CERN as a large-scale "Auberge Espagnole"

The film director Cédric Klapisch recently visited CERN to scout out locations for a forthcoming film.

Cédric Klapisch and Alexis Galmot visiting the LHC tunnel, guided by Laurette Ponce, from the Beams Department.

Is CERN a good subject for a feature film? To judge by the media hype surrounding the film Angels and Demons, the answer must be a resounding yes. But it’s a bit more surprising to see the likes of Cédric Klapisch, who is known for directing films full of human interest rather than blockbusters, striding down accelerator and experiment tunnels. Cédric Klapisch’s films include "Le péril jeune", "Un air de famille" and "L’auberge espagnol", his biggest success, about a French student who spends a year in Spain under the Erasmus European exchange programme.

Klapisch came to CERN on 23 April with his colleague Alexis Galmot to scout out possible locations for a forthcoming film. It is to be a fiction-science rather than a science-fiction film. "I’m thinking in terms of a comedy adventure story in a scientific context," explains Cédric Klapisch. "It will be based on a very free adaptation of Boris Vian’s novel Et on tuera tous les affreux". The film will address the duality between the good and bad uses of science."

In Cédric Klapisch’s view, human relationships, one of his pet subjects, can be illustrated in any context. As he puts it: "It is my fundamental conviction that a human story at Cape Canaveral is just as enthralling as one at the local bakery." Nevertheless, he is appreciative of CERN. This was quite evident from the pleasure with which he and his colleague visited the installations and from the obvious enjoyment and enthusiasm with which they greeted the explanations from their scientific guides.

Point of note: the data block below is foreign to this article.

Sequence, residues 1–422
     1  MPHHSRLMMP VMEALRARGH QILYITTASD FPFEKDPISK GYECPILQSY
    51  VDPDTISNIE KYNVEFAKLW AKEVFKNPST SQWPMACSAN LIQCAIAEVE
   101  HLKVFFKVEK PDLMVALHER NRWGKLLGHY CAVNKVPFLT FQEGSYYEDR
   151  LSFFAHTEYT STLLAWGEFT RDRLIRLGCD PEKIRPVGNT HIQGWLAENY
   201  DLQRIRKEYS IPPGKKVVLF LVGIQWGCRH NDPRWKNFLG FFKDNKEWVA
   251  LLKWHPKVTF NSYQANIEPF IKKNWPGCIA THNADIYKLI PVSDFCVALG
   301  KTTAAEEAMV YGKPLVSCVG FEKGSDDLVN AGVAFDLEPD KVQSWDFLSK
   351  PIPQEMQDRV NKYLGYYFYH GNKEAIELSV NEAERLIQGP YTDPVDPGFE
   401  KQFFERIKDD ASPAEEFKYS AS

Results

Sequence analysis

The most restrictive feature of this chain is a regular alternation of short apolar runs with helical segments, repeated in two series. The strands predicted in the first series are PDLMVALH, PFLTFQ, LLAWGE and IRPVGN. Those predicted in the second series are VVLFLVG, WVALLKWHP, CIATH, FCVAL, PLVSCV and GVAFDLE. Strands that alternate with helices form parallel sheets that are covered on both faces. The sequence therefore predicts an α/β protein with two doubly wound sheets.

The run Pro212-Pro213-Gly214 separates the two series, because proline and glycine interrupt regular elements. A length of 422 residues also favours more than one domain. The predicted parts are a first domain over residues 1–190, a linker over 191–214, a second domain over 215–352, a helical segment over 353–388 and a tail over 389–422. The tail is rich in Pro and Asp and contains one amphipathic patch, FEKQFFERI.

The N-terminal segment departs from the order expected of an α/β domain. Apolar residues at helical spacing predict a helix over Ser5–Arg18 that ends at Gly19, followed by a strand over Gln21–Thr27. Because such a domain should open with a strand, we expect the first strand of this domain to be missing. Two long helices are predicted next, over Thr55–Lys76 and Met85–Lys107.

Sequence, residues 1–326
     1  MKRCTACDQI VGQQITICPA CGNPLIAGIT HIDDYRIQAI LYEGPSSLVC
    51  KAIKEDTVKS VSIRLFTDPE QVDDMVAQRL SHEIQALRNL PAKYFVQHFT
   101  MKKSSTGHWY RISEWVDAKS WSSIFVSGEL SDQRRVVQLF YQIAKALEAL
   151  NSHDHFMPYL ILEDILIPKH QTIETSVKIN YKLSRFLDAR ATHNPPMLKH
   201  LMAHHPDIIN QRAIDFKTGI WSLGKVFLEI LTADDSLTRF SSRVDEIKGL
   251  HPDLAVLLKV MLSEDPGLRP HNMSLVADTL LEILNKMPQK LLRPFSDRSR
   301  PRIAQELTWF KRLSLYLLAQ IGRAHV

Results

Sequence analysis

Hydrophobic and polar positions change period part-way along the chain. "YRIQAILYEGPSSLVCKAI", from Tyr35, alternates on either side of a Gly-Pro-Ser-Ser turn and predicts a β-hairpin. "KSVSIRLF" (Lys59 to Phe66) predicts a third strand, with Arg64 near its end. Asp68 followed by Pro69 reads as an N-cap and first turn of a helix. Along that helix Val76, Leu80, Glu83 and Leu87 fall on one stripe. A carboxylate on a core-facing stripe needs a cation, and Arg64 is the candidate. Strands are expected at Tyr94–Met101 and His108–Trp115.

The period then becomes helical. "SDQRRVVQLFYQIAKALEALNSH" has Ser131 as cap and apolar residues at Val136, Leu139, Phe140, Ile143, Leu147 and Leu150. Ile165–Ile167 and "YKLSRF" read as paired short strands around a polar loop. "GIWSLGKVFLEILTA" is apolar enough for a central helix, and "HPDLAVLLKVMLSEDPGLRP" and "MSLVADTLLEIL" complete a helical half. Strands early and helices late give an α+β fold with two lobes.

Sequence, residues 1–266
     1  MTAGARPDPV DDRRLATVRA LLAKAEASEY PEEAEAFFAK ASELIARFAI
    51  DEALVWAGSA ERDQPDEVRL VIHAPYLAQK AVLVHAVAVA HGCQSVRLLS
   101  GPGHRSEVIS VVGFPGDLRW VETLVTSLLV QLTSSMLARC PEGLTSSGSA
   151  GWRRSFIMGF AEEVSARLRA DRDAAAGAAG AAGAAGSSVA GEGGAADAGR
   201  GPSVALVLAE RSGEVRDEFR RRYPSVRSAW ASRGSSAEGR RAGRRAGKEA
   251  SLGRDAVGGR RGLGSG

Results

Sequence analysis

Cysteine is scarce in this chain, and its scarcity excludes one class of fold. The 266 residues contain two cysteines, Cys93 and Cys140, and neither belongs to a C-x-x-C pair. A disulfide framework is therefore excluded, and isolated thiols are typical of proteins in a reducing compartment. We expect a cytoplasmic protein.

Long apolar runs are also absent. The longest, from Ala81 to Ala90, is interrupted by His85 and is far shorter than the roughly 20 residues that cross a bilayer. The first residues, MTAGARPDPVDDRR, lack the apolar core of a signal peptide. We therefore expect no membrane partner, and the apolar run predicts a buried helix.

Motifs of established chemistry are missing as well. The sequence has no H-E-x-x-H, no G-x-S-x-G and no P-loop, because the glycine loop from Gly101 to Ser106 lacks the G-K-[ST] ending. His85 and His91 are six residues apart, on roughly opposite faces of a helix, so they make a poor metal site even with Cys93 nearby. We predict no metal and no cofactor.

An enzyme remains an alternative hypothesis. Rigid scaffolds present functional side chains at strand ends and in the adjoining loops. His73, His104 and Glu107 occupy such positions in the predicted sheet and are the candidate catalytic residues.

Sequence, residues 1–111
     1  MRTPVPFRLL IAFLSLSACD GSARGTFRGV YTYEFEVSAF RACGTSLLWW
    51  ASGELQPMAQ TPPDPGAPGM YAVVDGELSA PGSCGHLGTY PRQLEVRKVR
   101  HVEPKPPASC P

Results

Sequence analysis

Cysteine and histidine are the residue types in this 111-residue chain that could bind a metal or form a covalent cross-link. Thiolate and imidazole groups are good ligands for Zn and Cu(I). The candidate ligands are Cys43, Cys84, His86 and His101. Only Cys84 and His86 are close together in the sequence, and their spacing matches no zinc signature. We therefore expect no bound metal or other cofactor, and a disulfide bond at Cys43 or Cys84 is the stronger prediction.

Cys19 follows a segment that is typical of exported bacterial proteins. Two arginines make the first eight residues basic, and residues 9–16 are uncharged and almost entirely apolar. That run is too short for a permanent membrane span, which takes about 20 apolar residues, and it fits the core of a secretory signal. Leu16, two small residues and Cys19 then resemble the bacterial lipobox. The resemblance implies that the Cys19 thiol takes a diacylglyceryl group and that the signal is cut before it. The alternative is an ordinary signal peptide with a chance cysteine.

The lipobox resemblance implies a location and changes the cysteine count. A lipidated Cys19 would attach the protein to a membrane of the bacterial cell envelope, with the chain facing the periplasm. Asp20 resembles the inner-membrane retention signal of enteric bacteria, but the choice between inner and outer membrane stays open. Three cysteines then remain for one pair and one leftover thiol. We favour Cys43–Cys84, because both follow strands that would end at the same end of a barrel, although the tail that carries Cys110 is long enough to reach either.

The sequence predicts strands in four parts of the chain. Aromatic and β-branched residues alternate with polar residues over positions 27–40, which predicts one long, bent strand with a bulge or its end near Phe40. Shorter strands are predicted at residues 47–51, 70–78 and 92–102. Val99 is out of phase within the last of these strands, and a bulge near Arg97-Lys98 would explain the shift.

Of course, Cédric Klapisch got the CERN bug at an early age. His father, Robert Klapisch, was a CERN physicist and a Director of Research. In fact his first film, lasting four minutes, was about the diversity of the Laboratory and was screened at the LEP accelerator inauguration ceremony in 1989. "In fact it was that film that inspired me to make ‘L’Auberge Espagnole’", Klapisch points out. "I was sitting on the restaurant terrace and I realised that a different language was being spoken at each table. As a melting pot for young people of all nationalities, CERN is like a huge student hostel. The Erasmus programme has allowed young people from all over Europe to experience what CERN physicists have been experiencing for years."

"I am sure that the LHC will discover things that we never imagined," concludes Cédric Klapisch. "CERN is a place where things important to society in general are developed, even if their impact is not necessarily immediately apparent."